Jonas Rubenson

01-25-2004, 12:56 PM

Dear Biomech-L members,

I am interested in your opinion on how to best calculate and interpret

joint power in three dimensions.

I have calculated 3D joint powers using an inverse dynamic solution,

where the individual joint powers in flex/ext, add/abd and int/ext

rotation are calculated by the product of the joint moments (expressed

in the distal segment anatomical coord. system) and the corresponding

elements of the joint angular velocity matrix expressed in the same

coordinate system (calculated from the time derivative of the rotation

matrix , Rd, and its inverse), i.e.

Omega = Rd * Rinv

By positive joint power I understand that power is being generated and the

muscle-tendon units produce positive work, and when joint power is negative

power is being absorbed and negative work is done. However, my first question

is how one should treat positive

and negative power occurring simultaneously in the different planes of

the anatomical coordinate system. Because I am ultimately using the

joint power to get an estimate of the amount of power that muscle-tendon

units must generate or absorb at a joint it would seem that it may be

most appropriate to take the net power in all three planes, thereby

cancelling simultaneous positive and negative power. The reason being

that the rate of change of the muscle-tendon unit lengths depend on the

angular velocity about all three axes (for muscles with moment arms

about all three axes) and since they also produce a moment about all

three axes. For example, what has been measured as a negative and

positive joint power about two axes, respectively, may conceivably be

the result of a muscle that has in actual fact produced a moment about

the two axes but which has not had a very large change in length (since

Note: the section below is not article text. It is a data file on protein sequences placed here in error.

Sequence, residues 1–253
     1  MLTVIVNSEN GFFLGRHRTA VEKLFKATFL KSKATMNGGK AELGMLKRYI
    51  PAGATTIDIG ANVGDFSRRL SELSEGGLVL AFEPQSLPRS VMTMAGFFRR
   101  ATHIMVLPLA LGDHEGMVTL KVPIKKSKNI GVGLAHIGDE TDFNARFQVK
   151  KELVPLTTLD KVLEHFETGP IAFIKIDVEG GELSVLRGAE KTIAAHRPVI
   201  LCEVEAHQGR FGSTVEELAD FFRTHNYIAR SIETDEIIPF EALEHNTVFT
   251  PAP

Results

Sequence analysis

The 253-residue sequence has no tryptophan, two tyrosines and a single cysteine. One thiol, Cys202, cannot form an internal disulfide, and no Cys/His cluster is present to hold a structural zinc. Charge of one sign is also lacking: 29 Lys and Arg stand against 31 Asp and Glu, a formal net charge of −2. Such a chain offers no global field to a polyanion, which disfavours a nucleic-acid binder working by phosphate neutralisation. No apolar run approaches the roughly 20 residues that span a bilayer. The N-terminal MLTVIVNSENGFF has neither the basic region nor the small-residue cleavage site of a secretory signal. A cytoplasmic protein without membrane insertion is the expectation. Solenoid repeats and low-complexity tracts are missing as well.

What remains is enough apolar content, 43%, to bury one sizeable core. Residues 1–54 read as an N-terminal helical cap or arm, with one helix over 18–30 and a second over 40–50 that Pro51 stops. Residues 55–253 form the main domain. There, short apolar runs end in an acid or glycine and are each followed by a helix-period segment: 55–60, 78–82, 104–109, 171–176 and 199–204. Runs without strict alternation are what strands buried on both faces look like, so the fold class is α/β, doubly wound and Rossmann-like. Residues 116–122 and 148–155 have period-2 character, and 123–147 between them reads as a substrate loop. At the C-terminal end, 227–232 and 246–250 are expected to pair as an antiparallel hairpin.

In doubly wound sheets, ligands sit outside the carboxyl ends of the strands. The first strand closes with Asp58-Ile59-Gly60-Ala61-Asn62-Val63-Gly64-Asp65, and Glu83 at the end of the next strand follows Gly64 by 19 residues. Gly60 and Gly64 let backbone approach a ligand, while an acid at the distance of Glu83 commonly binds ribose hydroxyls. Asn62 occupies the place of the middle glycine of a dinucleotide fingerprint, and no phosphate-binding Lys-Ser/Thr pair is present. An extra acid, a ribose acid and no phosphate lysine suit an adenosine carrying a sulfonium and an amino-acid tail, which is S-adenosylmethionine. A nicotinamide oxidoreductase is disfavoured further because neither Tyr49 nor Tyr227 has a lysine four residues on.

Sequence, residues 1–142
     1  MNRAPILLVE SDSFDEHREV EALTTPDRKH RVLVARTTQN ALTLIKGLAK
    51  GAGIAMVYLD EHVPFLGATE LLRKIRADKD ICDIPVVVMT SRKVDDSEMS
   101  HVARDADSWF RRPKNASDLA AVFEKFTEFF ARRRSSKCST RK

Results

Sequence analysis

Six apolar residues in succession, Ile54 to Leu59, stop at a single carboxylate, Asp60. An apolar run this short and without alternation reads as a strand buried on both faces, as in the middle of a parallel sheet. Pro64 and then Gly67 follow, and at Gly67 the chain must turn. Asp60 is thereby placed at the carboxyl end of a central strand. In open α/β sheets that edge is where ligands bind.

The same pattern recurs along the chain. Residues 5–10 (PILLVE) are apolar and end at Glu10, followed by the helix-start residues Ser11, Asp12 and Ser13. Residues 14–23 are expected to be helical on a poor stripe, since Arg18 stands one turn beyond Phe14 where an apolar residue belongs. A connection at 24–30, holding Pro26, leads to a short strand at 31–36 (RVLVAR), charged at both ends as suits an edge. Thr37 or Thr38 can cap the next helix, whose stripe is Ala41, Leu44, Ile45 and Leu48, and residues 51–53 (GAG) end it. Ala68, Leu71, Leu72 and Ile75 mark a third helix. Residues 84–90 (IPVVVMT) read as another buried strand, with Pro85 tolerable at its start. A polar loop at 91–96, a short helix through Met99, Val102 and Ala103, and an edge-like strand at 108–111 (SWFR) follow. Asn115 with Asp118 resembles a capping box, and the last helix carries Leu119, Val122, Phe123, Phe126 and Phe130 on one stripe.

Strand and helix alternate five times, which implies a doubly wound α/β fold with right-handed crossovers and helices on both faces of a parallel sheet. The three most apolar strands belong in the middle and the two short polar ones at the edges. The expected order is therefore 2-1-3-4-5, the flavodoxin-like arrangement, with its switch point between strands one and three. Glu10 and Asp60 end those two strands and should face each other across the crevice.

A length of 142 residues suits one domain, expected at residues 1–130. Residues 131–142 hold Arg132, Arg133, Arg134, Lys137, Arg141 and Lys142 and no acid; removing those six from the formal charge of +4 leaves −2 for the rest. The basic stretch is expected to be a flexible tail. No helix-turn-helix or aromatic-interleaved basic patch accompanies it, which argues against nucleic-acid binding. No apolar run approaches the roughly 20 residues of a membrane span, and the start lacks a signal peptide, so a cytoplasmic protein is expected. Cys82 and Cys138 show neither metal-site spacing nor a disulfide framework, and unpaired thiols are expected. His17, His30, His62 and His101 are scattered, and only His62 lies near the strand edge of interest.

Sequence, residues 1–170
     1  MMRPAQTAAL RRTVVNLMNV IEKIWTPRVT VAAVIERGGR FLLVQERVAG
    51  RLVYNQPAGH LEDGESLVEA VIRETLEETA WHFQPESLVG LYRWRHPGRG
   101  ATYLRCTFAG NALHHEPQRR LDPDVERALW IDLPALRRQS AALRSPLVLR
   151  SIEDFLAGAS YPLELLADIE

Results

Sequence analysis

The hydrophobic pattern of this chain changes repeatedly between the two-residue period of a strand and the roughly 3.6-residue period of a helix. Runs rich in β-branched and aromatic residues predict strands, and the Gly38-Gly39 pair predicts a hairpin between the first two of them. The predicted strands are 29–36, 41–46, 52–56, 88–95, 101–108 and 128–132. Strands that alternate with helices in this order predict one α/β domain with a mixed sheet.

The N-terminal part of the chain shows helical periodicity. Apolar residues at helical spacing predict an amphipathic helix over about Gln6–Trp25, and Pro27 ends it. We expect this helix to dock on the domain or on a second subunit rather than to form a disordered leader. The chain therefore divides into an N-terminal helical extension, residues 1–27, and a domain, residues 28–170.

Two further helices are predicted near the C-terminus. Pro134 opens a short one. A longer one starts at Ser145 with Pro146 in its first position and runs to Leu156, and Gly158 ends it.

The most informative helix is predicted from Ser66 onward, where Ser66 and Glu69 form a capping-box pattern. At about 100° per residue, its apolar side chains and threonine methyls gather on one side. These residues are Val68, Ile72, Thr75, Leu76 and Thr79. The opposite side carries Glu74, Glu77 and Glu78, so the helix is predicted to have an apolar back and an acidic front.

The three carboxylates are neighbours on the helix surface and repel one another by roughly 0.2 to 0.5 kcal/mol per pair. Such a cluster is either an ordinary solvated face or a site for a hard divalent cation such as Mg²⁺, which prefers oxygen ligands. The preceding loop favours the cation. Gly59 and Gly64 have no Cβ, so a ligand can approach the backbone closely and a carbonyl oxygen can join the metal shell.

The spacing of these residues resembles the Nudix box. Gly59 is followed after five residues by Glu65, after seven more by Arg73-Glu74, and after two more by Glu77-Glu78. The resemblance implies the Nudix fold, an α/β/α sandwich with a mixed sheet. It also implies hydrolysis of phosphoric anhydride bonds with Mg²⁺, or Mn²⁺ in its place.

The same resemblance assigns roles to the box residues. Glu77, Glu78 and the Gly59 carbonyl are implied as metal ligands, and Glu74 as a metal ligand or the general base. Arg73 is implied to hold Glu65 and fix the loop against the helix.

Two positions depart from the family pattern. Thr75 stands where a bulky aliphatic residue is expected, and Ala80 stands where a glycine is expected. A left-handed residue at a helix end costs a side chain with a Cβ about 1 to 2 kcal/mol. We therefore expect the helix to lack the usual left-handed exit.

the change in joint angle about one axis acts to lengthen the muscle

whereas the change in joint angle about the other axis acts to shorten

it). In the case of net joint power it could be calculated from the dot

product of the moment vector and the angular velocity vector:

Power = [Mx,My,Mz] . [wx ,wy,wz].

But perhaps this will lead to an underestimate of the true muscle power

if a set of synergistic muscles can not produce the moments required

for the measured joint power about the three axes. Can it be that

different groups of muscles (with actions predominantly about one axis)

must produce and absorb power simultaneously? I am only thinking

intuitively here and maybe this logic doesn't adhere to more fundamental

principles such as the total energy balance of the segments.

I also have a second question that pertains more to the calculation of

the joint powers themselves. Some time ago I recall that one of the

list members suggested to calculate the components of the joint power

from the product of the joint moments expressed in the joint coordinate

system (rather than the anatomical fixed coordinate systems) and the

euler anglular velocities. If one is to calculate a net power from all

three planes will this approach still be valid given that the joint

coordinate system is non-orthogonal?

Any comments will be greatly appreciated and as usual I will post a

summary of responses,

Sincerely,

Jonas Rubenson

Dept. Human Movement and Exercise Science

The University of Western Australia

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I am interested in your opinion on how to best calculate and interpret

joint power in three dimensions.